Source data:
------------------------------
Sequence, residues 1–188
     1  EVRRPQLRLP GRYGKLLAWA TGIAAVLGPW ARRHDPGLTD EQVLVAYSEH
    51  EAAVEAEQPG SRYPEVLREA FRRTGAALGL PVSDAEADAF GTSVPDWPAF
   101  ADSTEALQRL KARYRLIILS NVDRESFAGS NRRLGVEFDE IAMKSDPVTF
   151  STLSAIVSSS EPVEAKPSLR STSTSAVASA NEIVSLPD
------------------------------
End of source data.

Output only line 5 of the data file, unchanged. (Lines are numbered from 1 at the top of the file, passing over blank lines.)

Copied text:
   151  STLSAIVSSS EPVEAKPSLR STSTSAVASA NEIVSLPD